It is common knowledge that hoof health and lameness in dairy cattle is a significant problem for the producer and the dairy industry in general. Research from 2009 reported that as many as 52 percent of all dairy cattle in any given herd may experience some degree of lameness in any given year (with an average of 20 to 25 percent of cows per farm).

Economic data clearly points out that the results of foot and hoof insult are much greater than the treatment costs alone.

Associated costs and depressed revenues result from a decrease in milk production and breeding rates as well as increased culling and discarded milk.

To this is added the increased labor costs to manage affected cows as well as the need to grow more replacement heifers or purchase replacement cows. All of which are circumstances that add pressure to an already marginalized bottom line.

Current research shows that treating an average case of lameness will cost the dairyman $300. At the rates shown above (25 percent) this can translate, on the bottom side, to $7,500 per 100 cows per year.


Most producers also understand that lameness is associated with various disease conditions and can have multiple causes. One of the most important is laminitis, which is associated with sole ulcers, white-line separation and heel horn deterioration.

It is an inflammation of the sensitive tissues (lamellae) of the hoof and is associated with both nutritional and management problems.

Several infections of the hoof infections, such as inter-digital dermatitis, digital dermatitis (hairy heel warts, strawberry heel) and foot rot are generally related to environmental conditions and the presence of causative bacteria.

These diseases generally affect the skin and soft tissues of the hoof rather than the claw itself. Control of these diseases is accomplished mostly through management and aggressive therapy, but nutrition impacts skin and hoof horn integrity, which together make up the first defense.

Hoof problems and lameness are caused by a variety of factors including housing and environment, management, genetics and various diseases.

Perhaps the most significant collective contributors to predispose a dairy cow to hoof and claw problems are feeding and nutrition.

Proper nutritional management can significantly lower the number of foot problems in the dairy herd. Laminitis has many contributing factors, but a properly designed and managed feeding program will go a long way toward prevention.

Numerous components of nutrition management play a role in hoof health, ranging from major ration components such as protein and fiber down to vitamins such as biotin.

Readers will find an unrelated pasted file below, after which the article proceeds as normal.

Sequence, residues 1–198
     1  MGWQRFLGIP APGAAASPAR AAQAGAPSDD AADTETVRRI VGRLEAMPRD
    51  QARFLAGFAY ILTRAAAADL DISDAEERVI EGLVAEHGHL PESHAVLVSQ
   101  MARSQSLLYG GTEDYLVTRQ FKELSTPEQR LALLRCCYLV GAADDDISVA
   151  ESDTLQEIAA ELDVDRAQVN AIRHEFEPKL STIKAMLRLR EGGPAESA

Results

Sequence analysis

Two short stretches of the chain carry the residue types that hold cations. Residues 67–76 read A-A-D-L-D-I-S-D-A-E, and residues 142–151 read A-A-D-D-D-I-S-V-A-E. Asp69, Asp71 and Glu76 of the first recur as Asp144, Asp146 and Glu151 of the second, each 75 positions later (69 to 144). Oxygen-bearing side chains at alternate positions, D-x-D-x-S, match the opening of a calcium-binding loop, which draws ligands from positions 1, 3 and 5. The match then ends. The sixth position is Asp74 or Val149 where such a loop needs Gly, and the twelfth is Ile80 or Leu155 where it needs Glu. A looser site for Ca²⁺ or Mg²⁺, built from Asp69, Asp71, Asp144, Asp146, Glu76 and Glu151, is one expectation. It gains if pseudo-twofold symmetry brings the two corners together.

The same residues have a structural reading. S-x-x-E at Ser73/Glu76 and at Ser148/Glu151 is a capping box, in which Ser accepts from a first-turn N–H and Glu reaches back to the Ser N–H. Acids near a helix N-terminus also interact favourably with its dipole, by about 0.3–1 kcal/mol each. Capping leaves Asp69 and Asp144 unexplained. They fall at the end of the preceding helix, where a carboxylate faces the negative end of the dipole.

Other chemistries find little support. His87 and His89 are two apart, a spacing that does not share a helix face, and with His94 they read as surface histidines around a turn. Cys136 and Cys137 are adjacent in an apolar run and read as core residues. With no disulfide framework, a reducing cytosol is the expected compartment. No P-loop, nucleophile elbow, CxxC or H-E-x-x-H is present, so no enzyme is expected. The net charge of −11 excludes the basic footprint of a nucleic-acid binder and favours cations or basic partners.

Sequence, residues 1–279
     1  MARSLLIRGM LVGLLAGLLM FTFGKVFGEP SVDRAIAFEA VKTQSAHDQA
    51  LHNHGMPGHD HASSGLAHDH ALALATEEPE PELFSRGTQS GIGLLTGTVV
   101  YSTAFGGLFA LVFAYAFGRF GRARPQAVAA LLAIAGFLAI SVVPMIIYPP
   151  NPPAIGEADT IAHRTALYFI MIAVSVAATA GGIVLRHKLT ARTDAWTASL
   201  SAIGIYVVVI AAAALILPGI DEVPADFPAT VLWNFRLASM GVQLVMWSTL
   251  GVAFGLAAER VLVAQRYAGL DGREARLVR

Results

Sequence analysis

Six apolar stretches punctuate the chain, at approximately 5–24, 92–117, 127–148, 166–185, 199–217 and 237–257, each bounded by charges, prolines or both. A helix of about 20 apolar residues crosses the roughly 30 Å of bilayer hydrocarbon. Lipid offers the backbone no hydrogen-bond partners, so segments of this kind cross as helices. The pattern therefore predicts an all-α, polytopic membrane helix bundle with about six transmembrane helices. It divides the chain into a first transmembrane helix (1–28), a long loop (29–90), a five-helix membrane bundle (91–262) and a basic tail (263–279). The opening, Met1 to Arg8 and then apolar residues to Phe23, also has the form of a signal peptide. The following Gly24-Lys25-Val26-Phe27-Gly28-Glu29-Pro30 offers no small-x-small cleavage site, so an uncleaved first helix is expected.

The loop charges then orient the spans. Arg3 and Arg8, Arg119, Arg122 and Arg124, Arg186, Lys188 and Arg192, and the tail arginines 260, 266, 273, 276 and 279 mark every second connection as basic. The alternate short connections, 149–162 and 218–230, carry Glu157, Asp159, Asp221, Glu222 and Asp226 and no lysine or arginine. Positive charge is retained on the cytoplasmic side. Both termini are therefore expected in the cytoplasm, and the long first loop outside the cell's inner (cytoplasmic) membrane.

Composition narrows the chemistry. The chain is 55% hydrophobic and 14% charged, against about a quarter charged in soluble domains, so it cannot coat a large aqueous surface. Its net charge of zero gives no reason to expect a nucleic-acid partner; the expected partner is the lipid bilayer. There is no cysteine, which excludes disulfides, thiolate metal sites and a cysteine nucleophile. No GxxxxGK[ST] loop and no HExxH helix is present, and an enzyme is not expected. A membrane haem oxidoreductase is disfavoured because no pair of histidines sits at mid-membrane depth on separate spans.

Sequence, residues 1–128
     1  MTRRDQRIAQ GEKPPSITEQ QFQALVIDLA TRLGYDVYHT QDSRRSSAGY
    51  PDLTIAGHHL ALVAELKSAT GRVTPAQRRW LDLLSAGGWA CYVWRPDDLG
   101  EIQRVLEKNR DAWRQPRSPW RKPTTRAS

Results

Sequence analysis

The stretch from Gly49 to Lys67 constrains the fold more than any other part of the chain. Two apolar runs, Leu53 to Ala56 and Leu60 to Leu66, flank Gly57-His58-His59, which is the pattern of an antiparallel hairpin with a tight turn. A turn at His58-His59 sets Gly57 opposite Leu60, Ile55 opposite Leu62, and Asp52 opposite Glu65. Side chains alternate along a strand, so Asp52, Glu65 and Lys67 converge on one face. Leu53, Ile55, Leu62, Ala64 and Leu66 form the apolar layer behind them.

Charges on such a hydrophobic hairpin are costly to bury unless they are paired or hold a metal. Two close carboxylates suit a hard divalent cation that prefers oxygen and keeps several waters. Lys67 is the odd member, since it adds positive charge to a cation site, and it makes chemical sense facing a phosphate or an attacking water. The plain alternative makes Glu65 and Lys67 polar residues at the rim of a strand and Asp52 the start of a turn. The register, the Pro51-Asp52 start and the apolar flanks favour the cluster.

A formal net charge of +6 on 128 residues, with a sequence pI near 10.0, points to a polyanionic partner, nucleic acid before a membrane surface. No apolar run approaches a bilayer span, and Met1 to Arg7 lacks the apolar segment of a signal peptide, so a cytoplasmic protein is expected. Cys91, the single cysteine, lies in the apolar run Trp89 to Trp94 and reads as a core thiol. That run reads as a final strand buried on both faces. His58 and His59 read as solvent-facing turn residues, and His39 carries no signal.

A considerable body of evidence exists on the effects of protein, carbohydrates, non-forage fiber sources and length of fiber particles, as well as other macronutritional factors on hoof epidermis and hoof horn quality.

Considerable attention has been given, in recent history, to smaller nutritional components such as macrominerals, trace minerals and vitamins.

Laminitis and rumen function
Laminitis in dairy cattle has been associated with rumen function and production of excessive organic acids in the rumen. Incidence of laminitis also reflects improper ration formulation or feeding management.

One product of normal carbohydrate fermentation in the rumen is organic acids, such as acetic, propionic and lactic acids, as well as a variety of others.

These acids are necessary to the animal as they are precursors to glucose synthesis (energy) and fatty acids (butterfat) production.

Highly digestible carbohydrates (starches) produce large amounts of acid, particularly lactic acid, which can be a problem. Rumen acids are buffered by saliva and by feed-additive buffers, such as sodium bicarbonate.

When acid production exceeds the rumen’s ability to buffer and absorb the acids, rumen pH drops, creating a cascade of events which work together to predispose the animal to laminitis.

Proper ration balancing is critical to provide enough energy for milk production by optimizing carbohydrate fermentation. The ration, however, must also maintain rumen health and avoid acidosis in order to support hoof health. A number of factors have to be considered.

High-producing dairy cattle require large amounts of energy for cost-effective milk production so feed grains and byproducts are used as part of dairy rations.

High-energy feed ingredients are energy-dense, predominantly from starch, and thus produce large amounts of acid when fermented in the rumen.

Grain levels must be carefully controlled. Attention must also be paid to the rate of non-fibrous carbohydrate (NFC) fermentation in the rumen.

Some rules of thumb: